Recovering from tech failure yesterday, we have a basket of new polls including a Nielsen, a Morgan phone poll and two sets of marginal seat polling – one from Galaxy and one from Newspoll.

First up, the all pollster chart:


Every pollster has shown an increase for Labor between late July and the first two weeks of August except for Essential – however, they run a two week rolling sample so a lag like that is to be expected. Also worth noting is the continuing peculiar similarity of the 2004 vs 2010 campaign:


The Nielsen from yesterday in the Fairfax press was in the field between August 10-12 and ran from a sample of 1346, giving us an MoE that maxes out around the 2.7% mark. The vote estimates come in like this:


As we can see, the big mover appeared to be men – jumping 8 points for Labor and making up just about the entirety of their 4 point total primary vote gain. That would be surprising if it actually occurred with that magnitude, so keep a eye out on whether it’s repeated by anyone else over the next few days.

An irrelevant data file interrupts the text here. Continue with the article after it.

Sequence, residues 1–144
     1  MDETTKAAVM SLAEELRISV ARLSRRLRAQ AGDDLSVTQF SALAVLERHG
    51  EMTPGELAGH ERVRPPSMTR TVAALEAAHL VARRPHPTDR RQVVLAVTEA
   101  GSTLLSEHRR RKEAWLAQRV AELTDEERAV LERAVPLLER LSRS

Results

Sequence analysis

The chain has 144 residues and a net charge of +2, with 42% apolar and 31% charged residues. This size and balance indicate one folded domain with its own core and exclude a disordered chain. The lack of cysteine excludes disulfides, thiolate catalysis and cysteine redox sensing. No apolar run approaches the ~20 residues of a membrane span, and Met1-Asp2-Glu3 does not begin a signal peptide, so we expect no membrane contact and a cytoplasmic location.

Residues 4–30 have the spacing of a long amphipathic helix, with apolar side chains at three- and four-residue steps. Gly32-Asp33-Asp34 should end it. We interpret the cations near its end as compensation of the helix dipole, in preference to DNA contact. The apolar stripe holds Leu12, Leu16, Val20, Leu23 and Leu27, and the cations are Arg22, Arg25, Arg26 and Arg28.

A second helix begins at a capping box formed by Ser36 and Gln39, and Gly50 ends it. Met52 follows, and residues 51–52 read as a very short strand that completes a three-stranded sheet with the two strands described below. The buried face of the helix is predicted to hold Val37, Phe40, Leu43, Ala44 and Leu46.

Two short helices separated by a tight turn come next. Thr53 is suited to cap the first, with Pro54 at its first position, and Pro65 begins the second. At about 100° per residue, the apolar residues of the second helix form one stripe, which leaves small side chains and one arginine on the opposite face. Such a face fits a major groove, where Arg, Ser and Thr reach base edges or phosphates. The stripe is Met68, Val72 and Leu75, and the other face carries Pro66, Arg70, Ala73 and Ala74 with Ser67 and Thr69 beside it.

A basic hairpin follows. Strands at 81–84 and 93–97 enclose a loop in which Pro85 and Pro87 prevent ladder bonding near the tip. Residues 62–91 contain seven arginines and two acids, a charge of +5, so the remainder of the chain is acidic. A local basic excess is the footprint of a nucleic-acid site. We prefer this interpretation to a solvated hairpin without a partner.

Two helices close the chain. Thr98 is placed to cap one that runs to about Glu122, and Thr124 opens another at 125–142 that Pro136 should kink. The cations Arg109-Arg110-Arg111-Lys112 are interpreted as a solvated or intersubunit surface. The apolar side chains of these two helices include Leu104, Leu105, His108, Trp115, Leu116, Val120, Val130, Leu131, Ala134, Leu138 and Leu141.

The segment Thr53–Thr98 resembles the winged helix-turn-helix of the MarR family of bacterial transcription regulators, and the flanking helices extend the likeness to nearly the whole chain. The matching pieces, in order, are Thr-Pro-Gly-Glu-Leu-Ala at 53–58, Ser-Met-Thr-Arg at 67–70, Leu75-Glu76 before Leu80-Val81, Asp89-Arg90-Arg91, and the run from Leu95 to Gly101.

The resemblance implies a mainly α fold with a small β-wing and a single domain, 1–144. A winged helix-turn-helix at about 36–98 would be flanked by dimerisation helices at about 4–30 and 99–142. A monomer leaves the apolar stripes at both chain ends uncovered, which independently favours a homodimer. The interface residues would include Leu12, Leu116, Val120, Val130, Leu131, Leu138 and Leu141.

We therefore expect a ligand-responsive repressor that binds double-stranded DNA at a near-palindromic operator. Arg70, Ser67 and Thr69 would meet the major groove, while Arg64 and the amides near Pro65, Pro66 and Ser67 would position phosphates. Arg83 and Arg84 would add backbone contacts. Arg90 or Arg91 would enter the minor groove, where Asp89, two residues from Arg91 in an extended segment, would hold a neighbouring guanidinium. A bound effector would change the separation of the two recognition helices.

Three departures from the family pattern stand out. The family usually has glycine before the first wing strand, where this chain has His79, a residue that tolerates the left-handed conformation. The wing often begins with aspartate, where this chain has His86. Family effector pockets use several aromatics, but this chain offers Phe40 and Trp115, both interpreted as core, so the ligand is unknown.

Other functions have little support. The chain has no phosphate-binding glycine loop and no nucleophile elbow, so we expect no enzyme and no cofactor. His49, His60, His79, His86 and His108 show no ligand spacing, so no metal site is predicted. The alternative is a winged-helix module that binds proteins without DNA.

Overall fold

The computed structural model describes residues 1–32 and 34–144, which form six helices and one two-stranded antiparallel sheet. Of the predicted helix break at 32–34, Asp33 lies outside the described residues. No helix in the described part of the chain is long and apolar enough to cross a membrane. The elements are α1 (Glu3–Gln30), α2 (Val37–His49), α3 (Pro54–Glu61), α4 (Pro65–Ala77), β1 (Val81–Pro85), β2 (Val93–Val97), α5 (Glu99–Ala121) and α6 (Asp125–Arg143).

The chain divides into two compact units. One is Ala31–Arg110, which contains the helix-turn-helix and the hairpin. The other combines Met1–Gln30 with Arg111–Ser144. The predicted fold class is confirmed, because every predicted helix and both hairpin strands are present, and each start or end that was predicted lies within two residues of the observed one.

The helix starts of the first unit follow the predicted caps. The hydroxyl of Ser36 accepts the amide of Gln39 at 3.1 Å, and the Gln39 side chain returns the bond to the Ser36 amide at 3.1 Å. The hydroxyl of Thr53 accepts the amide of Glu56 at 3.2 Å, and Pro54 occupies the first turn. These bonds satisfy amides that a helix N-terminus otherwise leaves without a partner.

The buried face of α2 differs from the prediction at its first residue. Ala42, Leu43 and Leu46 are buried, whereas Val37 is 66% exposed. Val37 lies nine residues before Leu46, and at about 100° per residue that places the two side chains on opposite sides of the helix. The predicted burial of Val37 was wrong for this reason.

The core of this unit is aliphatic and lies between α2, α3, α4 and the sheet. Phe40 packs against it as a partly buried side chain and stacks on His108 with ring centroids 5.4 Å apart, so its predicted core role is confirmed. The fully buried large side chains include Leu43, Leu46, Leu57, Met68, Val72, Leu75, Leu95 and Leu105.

On the approval ratings and preferred PM, the results come in as:


The full demographic breakdowns from this Nielsen can be seen here, while the weighted three poll aggregate of that table can be seen here.

At the moment, we’re seeing a Labor vote that is a little less than where we would historically expect it to be considering the levels coming in on approval ratings and preferred PM (or satisfaction ratings and Better PM with Newspoll). That’s not to say anything about the vote or the polls, but rather just noting that this election is a little odd in more ways than one.